The designation bought the United States real leverage with North Korea. But just when it could have waited for Pyongyang to flail its way into concessions, the administration folded. Zarate bitterly recalls watching from his new perch at the National Security Council as, without any North Korean compromise, the State Department badgered Treasury into reversing the action so as to kick-start the talks. By trying to “put the genie back in the bottle,” Zarate argues, Washington undermined its credibility and “cashed in on BDA too soon.”
If Treasury’s new weapon was robbed of its chance to succeed against North Korea, it now has that chance against Iran. In 2006, Undersecretary of the Treasury Stuart Levey, who took command after Zarate’s departure, applied the lessons from the BDA saga to a new campaign against Tehran. Zarate reports that Levey met more than 100 times with bank officials around the globe to persuade them to end ties with Iran. With each new designation of an Iranian bank or shipping enterprise, Tehran responded by turning to ever more illicit means of moving its money, deepening private-sector suspicions. After an initial lull to explore negotiations — which Zarate considers a mistake — the Obama administration embraced the work that Treasury began under President George W. Bush, forcing“the question in Tehran as to whether proceeding with a nuclear program was worth the economic costs.”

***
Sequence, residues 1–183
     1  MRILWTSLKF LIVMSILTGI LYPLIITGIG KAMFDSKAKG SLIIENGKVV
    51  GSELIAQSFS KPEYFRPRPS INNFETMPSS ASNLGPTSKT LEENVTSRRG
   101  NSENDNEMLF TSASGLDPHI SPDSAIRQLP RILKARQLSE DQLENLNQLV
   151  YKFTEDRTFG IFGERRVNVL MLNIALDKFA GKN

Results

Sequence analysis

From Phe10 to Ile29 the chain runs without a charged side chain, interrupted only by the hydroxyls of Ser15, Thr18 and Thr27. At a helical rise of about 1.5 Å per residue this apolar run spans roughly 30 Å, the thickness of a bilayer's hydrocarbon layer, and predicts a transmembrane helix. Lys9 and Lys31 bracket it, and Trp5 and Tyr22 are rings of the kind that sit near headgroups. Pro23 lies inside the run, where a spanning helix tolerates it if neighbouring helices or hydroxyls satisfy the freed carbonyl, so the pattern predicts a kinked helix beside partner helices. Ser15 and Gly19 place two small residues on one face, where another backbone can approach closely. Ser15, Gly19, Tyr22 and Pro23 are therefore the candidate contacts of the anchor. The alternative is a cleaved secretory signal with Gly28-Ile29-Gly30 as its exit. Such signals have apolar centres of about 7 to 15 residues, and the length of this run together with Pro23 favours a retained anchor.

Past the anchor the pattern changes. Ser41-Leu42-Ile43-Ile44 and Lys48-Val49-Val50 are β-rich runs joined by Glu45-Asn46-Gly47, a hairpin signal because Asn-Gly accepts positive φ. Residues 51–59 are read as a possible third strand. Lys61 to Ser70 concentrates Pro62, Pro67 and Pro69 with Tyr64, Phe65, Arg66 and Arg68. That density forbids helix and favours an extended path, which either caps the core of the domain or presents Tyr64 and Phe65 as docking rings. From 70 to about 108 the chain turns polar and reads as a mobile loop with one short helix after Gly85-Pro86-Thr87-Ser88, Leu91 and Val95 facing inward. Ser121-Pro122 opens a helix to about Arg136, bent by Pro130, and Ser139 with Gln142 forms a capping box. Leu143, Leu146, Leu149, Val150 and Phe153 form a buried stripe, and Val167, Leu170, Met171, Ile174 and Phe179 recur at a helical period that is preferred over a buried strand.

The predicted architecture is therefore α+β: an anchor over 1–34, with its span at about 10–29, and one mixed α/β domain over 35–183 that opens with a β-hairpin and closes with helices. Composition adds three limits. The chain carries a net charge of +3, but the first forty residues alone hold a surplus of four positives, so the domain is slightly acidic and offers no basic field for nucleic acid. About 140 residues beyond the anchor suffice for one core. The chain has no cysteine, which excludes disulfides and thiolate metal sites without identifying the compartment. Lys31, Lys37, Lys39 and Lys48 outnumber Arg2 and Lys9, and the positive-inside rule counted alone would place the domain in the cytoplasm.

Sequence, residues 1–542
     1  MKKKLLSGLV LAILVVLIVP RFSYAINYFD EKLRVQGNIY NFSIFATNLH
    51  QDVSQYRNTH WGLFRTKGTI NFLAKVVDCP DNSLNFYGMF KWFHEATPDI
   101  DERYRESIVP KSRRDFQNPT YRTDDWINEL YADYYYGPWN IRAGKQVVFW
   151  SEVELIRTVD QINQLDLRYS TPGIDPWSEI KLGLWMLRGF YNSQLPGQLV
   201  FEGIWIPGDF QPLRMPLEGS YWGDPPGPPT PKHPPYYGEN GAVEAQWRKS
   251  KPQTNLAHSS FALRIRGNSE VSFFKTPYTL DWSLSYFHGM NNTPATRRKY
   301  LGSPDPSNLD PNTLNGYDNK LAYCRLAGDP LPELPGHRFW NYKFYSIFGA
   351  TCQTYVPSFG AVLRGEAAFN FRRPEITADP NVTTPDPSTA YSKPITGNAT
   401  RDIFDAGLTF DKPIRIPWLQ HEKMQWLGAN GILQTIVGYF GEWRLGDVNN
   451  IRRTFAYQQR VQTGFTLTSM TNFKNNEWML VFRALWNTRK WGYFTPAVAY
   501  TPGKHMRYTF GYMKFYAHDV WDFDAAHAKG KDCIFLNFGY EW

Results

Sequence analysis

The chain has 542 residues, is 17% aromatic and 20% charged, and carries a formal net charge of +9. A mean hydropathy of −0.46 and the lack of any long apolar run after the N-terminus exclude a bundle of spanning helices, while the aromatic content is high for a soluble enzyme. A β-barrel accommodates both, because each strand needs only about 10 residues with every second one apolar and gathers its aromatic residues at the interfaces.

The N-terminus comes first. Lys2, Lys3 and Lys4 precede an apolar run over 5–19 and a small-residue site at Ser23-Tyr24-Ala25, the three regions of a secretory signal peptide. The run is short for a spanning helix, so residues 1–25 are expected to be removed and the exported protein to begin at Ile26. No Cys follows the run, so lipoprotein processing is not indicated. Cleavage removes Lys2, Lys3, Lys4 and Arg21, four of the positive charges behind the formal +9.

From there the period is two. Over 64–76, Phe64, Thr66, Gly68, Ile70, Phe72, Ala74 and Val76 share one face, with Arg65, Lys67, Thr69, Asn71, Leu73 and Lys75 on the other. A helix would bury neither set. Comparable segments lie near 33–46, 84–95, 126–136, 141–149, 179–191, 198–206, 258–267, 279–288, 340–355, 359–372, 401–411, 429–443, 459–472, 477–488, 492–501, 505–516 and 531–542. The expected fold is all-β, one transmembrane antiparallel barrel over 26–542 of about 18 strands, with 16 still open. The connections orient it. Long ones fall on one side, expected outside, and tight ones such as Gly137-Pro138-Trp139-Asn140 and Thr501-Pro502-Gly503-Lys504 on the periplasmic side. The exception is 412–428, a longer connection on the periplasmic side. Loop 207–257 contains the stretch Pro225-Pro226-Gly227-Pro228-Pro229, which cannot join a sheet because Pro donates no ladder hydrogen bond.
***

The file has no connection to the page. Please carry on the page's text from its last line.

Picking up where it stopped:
The question for Washington is whether these tactics will compel Iran to make that choice. Zarate admits that “financial measures alone will not be able to change [Iran’s] calculus” and that they can work only when packaged with other forms of pressure. He also fears that Tehran and other malicious actors have studied Treasury’s invention, learned how to evade it and may turn it on a vulnerable United States in the future.
The Pandora’s box left open at the end of “Treasury’s War,” however, has to do not with money but with policy. If Iran obtains a nuclear weapon, will Zarate’s financial innovation amount to a cozy bipartisan option that curbed Iran’s money flows but also curbed U.S. strategy? Will it merely have given Washington the cover of tangible results to avoid decisive action, diplomatic or otherwise? Until that question is resolved, the place of Treasury’s warriors in America’s post–Sept. 11 national security efforts will remain blurry. But in this valuable insider’s history, Zarate has firmly planted them in the picture.
The Unleashing of a New Era
of Financial Warfare
By Juan C. Zarate
PublicAffairs. 488 pp. $29.99